Maybe you should look at their playbook before thinking that Congress should nuke them.

       

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    Anonymous Coward, Apr 12th, 2013 @ 4:27am

    it's the same old story. if someone thinks something either wont affect them or will go past them, it's ignored or not contested. when it's found that it does affect and will hit them and it's too late to stop, then all the moaning and regrets start!

     

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    Ninja (profile), Apr 12th, 2013 @ 4:44am

    Oracle, Adobe... All legacy players that forgot the tech and now know litigation. CFAA allows them to go after people who find security holes in their stuff instead of, you know, fixing.

    It's the old battle between the old and established industry that has run out of creativity and the new, innovative ones.

     

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      Anonymous Howard (profile), Apr 12th, 2013 @ 4:56am

      Re:

      Yeah, calling Oracle a tech company is a little bit overstatement..
      All they do today is buy up innovating companies and milk them to the last drop.

       

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        Ninja (profile), Apr 12th, 2013 @ 5:01am

        Re: Re:

        EA also comes to mind but I think it's pretty much any legacy player out there. Google will probably reach that stage at some point, there are signs already.

         

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      velox (profile), Apr 12th, 2013 @ 8:27am

      Adobe wants guaranteed access to your private data

      Adobe's subsidiary and suspected NSA contractor Omniture is the #1 merchant of private data taken from your computer without your permission or knowledge. (Yes, I know Google Analytics is right up there doing the same thing). Adobe/Omniture wants to ensure there is a legal framework for them to continue doing this without your approval, and certainly without any ability for you to block or otherwise interfere.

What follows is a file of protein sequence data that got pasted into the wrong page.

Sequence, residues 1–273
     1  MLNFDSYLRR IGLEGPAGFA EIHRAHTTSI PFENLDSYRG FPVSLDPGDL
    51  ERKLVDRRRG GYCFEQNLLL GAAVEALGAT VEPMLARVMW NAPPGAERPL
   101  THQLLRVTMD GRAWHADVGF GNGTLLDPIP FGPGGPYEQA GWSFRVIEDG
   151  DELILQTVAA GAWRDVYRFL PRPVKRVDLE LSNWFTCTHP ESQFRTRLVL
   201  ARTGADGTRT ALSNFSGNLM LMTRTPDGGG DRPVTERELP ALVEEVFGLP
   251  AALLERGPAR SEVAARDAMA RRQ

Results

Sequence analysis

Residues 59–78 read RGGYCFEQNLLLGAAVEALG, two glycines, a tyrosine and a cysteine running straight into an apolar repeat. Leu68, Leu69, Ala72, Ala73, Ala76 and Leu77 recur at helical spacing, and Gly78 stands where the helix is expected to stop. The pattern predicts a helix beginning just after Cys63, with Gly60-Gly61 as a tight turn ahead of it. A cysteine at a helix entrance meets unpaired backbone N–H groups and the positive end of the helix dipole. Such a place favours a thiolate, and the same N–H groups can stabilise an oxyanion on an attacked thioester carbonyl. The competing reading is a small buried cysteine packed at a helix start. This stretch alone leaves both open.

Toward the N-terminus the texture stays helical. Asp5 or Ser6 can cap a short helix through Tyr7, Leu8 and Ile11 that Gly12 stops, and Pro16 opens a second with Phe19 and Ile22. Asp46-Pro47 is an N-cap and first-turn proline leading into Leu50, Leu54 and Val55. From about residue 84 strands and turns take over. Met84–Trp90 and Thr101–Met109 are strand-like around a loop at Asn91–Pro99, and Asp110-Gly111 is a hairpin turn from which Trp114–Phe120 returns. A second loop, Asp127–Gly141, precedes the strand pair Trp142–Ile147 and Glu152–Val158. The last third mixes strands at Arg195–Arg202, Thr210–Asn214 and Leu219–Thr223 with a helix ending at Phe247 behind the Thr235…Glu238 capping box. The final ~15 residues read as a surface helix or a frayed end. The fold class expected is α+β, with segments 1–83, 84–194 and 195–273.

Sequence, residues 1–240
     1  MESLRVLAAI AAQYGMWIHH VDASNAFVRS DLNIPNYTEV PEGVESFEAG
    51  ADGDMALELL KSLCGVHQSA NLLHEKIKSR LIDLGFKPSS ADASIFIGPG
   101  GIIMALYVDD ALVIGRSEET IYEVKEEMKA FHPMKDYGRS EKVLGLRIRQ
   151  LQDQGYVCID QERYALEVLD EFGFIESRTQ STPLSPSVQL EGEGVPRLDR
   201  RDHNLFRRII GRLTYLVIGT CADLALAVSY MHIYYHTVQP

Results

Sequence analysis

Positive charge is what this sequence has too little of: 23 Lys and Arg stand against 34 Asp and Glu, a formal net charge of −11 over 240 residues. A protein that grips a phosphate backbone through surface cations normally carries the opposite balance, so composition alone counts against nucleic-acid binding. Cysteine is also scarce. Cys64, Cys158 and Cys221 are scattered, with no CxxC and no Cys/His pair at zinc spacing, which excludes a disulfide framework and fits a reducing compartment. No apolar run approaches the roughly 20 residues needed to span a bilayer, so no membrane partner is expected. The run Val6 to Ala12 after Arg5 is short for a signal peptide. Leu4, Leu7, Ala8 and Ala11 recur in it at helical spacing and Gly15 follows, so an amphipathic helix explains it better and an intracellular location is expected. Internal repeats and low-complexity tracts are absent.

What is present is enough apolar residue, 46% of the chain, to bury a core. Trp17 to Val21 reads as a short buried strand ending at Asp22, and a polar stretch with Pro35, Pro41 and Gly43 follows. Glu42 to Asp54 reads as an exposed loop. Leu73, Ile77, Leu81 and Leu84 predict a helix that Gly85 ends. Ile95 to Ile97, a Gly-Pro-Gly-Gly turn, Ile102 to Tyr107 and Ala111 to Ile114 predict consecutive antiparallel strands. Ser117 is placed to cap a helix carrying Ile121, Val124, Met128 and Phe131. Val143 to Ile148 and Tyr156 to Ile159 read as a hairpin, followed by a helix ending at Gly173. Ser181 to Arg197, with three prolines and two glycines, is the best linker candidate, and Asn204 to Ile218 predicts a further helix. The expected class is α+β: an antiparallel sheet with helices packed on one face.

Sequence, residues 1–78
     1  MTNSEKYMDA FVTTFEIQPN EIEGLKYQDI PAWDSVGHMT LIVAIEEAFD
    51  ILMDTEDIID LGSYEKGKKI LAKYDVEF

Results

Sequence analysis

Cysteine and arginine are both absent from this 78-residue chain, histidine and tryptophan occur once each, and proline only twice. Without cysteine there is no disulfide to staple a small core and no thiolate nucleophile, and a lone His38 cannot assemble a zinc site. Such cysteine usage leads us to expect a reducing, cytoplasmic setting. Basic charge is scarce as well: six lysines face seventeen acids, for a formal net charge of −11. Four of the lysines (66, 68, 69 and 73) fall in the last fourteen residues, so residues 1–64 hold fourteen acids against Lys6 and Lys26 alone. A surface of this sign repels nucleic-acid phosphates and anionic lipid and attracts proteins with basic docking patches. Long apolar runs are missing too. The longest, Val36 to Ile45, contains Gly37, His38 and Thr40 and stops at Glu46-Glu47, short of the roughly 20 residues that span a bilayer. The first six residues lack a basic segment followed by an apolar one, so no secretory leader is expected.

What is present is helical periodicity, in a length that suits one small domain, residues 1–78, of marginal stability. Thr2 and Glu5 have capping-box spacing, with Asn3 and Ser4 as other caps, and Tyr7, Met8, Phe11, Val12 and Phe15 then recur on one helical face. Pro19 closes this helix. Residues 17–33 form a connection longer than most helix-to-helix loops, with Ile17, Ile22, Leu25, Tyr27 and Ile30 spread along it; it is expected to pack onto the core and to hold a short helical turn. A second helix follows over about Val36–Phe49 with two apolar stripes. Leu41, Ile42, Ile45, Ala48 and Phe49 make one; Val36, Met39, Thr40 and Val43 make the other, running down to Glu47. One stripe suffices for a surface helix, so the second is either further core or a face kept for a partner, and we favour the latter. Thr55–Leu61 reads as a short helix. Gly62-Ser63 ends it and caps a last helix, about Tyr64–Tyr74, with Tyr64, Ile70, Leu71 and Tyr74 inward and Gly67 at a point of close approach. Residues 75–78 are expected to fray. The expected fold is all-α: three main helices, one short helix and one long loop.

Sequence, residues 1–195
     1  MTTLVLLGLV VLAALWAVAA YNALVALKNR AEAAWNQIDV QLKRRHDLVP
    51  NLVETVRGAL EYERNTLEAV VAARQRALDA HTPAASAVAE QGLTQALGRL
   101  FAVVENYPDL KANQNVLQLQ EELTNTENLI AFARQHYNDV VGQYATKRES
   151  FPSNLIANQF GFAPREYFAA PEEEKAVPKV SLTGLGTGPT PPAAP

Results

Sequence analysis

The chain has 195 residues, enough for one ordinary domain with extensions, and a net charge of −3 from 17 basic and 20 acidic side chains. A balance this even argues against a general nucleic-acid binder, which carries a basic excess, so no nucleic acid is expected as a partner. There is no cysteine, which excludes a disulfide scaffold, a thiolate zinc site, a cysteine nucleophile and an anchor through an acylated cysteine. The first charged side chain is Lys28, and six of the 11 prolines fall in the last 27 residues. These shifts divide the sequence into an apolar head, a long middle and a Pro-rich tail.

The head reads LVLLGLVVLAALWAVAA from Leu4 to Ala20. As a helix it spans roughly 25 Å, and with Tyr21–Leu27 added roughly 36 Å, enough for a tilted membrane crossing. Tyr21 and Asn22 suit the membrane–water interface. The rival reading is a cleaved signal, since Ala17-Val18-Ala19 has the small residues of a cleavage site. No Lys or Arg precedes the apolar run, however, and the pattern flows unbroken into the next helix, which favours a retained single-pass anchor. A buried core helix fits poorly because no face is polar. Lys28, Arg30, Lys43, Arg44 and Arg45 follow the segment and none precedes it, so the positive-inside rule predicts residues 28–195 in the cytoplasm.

And in case you might have wondered why the NSA picked Utah as the site for their new multi-billion dollar surveillance data facility, it is not a coincidence that Omniture's new Omniture's new headquarters is being built just "across the freeway"

       

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        velox (profile), Apr 12th, 2013 @ 9:03am

        Re: Adobe wants guaranteed access to your private data

        uff... doubling typo.

         

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        Ninja (profile), Apr 12th, 2013 @ 9:51am

        Re: Adobe wants guaranteed access to your private data

        Nice piece of info eh? I always thought shell companies, subsidiaries and the likes is just a convenient means big companies use to keep them dissociated from shady business they engage... And unfortunately the average Joe eats this shit.

         

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    out_of_the_blue, Apr 12th, 2013 @ 5:18am

    Oh, this will work: "shame Google, Facebook and Twitter..."

    "...into coming out against CISPA." -- Just my wearied reaction to idealistic kid "Reddit founder Alexis Ohanian" or anyone who believes that corporations aren't amoral monsters, that they've any shame, particularly since those 3 giant soulless corporations will with this "reform" receive (more) gov't money for spying on the public.

    SO, Mike, have you YET noticed that your precious Google only pursues money behind its "good guy" public relations facade?

     

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    Anonymous Coward, Apr 12th, 2013 @ 5:37am

    They might oppose CFAA reform because the 'reform' would make things even worse then before at the moment, and they doubt they can salvage it into something better at this time.

     

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    The Real Michael, Apr 12th, 2013 @ 5:41am

    This is why I stopped using Google awhile ago and never used Facebook (nor Twitter for that matter).

    The bigger they are, the harder they fall.

     

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    Anonymous Coward, Apr 12th, 2013 @ 7:00am

    Maybe as a form of protest, you should stop taking Google's money.

     

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    Beta (profile), Apr 12th, 2013 @ 7:20am

    basic economics, again

    "[E]ngineers at many of these companies... think the CFAA is ridiculous, turning ordinary everyday activity into a possible felony. But some of the execs at these companies see a weapon to be used against people who make off with digital information..."